Press Releases

Press Release: Bringing together stem cell researchers to accelerate translation to the clinic

13 May 2013

Bringing together stem cell researchers to accelerate translation to the clinic

This week experts from around Australia, and two international leaders in the field, will meet to discuss stem cell science and just how close we are to delivering on the promise of this exciting field. Leading scientists, doctors and industry members will share ideas and experiences in an effort to broaden understanding and accelerate progress towards the ultimate goal of new therapies.

Therapeutic Potential of Stem Cells: Prospects & Pitfalls is a symposium co-hosted by Stem Cells Australia and the Bio21 Cluster that will be held at The University of Melbourne on 16 & 17 May.

Australian stem cell research continues to be a vibrant component of our medical research sector. Stem cells are used in laboratories across the country to better understand normal development and what goes wrong in disease, as well as exploring potential new stem cell therapies for a range of conditions.

This two-day scientific symposium provides a unique opportunity to learn the latest about stem cell applications in sports medicine, Crohn’s disease, diabetes, heart disease, vision loss, drug discovery and cord blood banking.

Australian researchers will be joined by international guests Professor Allan Robins, from ViaCyte USA, who will discuss a new way to treat type 1 diabetes using stem cells that will go into trial in 2014, and Professor Chris Mason, from University College London, who will speak about the progress made in the field and hurdles to overcome as we strive to bring therapies into practice.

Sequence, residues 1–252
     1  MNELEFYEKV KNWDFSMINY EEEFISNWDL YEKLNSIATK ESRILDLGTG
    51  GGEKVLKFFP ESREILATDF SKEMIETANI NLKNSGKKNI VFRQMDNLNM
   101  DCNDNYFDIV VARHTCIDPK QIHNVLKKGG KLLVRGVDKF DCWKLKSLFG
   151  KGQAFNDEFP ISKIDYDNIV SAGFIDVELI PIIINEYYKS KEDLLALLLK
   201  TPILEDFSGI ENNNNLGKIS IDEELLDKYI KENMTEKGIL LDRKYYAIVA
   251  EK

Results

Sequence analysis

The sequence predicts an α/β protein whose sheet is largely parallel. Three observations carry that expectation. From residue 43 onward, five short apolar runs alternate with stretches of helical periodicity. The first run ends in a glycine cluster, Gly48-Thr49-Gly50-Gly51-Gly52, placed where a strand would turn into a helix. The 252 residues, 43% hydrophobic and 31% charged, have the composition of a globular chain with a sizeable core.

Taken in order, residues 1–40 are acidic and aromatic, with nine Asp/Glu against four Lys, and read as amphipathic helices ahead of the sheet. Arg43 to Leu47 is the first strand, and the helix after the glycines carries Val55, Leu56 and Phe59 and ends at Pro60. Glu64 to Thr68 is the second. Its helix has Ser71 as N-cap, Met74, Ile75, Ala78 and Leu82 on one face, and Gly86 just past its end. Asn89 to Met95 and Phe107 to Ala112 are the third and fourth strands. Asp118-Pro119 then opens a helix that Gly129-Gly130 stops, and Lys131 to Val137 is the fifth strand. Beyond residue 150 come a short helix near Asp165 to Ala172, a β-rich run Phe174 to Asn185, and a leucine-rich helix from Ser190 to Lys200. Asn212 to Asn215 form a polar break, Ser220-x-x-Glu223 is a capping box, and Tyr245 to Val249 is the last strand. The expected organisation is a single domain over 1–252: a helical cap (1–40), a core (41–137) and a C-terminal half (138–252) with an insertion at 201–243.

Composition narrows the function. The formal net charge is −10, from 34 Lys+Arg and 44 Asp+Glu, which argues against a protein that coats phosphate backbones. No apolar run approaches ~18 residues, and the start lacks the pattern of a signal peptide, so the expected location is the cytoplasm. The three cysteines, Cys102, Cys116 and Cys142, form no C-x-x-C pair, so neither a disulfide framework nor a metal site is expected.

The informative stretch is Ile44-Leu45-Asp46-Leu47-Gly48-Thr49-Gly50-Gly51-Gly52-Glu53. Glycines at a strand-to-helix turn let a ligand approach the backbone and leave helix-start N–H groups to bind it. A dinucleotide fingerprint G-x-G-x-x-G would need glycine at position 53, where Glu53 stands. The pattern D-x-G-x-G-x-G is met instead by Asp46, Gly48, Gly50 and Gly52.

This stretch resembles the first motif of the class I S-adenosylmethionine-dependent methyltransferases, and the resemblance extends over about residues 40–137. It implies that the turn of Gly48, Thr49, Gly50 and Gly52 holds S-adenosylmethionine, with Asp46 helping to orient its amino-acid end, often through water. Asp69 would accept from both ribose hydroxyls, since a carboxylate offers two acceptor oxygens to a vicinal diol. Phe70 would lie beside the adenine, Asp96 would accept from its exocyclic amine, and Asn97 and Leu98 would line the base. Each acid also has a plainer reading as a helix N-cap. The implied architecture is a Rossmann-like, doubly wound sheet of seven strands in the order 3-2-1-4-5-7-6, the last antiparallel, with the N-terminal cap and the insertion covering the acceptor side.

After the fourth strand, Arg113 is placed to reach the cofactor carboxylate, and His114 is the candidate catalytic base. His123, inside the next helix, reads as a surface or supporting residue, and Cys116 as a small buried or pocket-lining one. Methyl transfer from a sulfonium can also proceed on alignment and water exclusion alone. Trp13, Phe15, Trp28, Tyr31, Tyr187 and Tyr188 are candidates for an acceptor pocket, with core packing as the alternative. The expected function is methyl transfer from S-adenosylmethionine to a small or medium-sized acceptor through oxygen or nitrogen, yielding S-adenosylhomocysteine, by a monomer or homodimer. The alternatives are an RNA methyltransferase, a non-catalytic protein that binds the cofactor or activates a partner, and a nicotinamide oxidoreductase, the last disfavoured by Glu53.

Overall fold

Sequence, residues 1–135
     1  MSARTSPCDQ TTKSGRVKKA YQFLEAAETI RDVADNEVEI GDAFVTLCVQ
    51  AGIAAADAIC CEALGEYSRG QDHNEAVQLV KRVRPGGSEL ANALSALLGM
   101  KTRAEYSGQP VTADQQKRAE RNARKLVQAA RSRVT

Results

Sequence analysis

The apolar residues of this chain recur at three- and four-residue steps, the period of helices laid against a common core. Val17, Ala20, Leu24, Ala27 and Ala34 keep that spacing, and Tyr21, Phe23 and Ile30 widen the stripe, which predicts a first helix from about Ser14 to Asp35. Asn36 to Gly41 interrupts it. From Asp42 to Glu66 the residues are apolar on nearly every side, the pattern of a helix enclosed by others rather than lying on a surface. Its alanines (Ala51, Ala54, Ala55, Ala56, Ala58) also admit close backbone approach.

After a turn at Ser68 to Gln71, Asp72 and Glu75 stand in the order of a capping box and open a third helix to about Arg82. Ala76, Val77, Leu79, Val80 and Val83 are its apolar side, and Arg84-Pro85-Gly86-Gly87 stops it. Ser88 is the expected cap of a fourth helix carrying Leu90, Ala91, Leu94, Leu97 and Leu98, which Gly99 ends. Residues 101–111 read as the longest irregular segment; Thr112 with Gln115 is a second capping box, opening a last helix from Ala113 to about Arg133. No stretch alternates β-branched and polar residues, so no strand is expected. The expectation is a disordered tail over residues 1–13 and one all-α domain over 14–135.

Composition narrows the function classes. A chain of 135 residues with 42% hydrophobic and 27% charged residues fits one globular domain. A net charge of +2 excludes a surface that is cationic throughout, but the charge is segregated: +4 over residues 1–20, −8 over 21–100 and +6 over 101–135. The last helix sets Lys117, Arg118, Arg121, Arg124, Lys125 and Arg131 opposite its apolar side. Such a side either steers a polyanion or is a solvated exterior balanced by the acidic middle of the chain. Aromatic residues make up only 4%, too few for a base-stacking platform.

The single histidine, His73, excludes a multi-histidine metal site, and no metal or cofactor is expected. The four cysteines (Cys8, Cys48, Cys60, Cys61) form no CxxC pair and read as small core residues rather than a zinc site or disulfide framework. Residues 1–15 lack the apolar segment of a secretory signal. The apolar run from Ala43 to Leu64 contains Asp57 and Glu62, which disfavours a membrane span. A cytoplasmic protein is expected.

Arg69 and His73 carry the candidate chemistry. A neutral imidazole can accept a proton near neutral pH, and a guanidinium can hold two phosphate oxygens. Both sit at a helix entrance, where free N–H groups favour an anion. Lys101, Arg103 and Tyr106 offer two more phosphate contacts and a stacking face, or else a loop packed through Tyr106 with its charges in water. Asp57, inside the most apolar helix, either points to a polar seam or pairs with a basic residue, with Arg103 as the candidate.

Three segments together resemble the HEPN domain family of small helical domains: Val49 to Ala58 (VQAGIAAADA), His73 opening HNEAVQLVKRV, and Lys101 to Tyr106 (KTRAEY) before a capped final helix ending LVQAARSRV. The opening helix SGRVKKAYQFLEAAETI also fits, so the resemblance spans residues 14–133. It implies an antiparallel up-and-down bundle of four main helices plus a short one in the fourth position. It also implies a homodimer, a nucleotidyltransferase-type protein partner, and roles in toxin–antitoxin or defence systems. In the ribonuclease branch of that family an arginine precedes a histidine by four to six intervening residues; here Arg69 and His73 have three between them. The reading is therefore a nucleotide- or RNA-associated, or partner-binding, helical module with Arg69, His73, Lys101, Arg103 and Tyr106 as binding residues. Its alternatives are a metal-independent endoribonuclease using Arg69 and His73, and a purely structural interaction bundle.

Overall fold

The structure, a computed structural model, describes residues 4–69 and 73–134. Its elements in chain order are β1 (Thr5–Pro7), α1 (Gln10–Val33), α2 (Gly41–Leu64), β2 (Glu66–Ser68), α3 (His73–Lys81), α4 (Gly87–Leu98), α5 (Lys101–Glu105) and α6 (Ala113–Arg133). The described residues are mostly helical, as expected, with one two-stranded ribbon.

Professor Martin Pera, Chair of Stem Cell Science at The University of Melbourne and Program Leader of Stem Cells Australia said, “Stem cell science has the potential to significantly contribute to future healthcare. While clinical trials are now underway, there remain many challenges. These challenges will only be met by a concerted effort to exchange information and ensure appropriate regulations are in place so that we move towards clinical trials in a responsible manner.”

The program also features a free public forum on stem cells and diabetes, where members of the public can have their questions answered directly by the researchers.

CEO of the Bio21 Cluster Associate Professor Jan Tennent commented, ”We are delighted to have been able to bring together so many leading stem cell researchers. In such a fast-paced, emerging field, it is essential that there are opportunities for knowledge and expertise to be shared between the academic, clinical, commercial and public arenas.”

For more information & registration details for both the symposium and the public forum visit http://bio21cluster.org.au/stem-cells-symposium/.

Stem Cells Australia brings together experts in bioengineering, nanotechnology, stem cell biology, bioinformatics and clinical research to tackle the big questions in stem cell science. This Australian Research Council-funded Special Research Initiative aims to develop innovative biotech and therapeutic applications and has been established by the University of Melbourne, University of Queensland, Monash University, University of NSW, Walter and Eliza Hall Institute for Medical Research, The Florey Institute of Neuroscience and Mental Health, Victor Chang Cardiac Research Institute and CSIRO. 

The Bio21 Cluster is Victoria’s leading biomedical and health sciences research cluster and is committed to creating forums for sharing knowledge, developing ideas and building collaborative networks and resources.  Representing 21 member organisations, including universities, tertiary health services, medical research institutes and CSIRO, the Bio21 Cluster promotes collegiality and fosters strategic and collaborative innovation from basic science through translational research to deliver social and economic benefits.

Media: Associate Professor Megan Munsie (0417 585 621 or megan.munsie@unimelb.edu.au)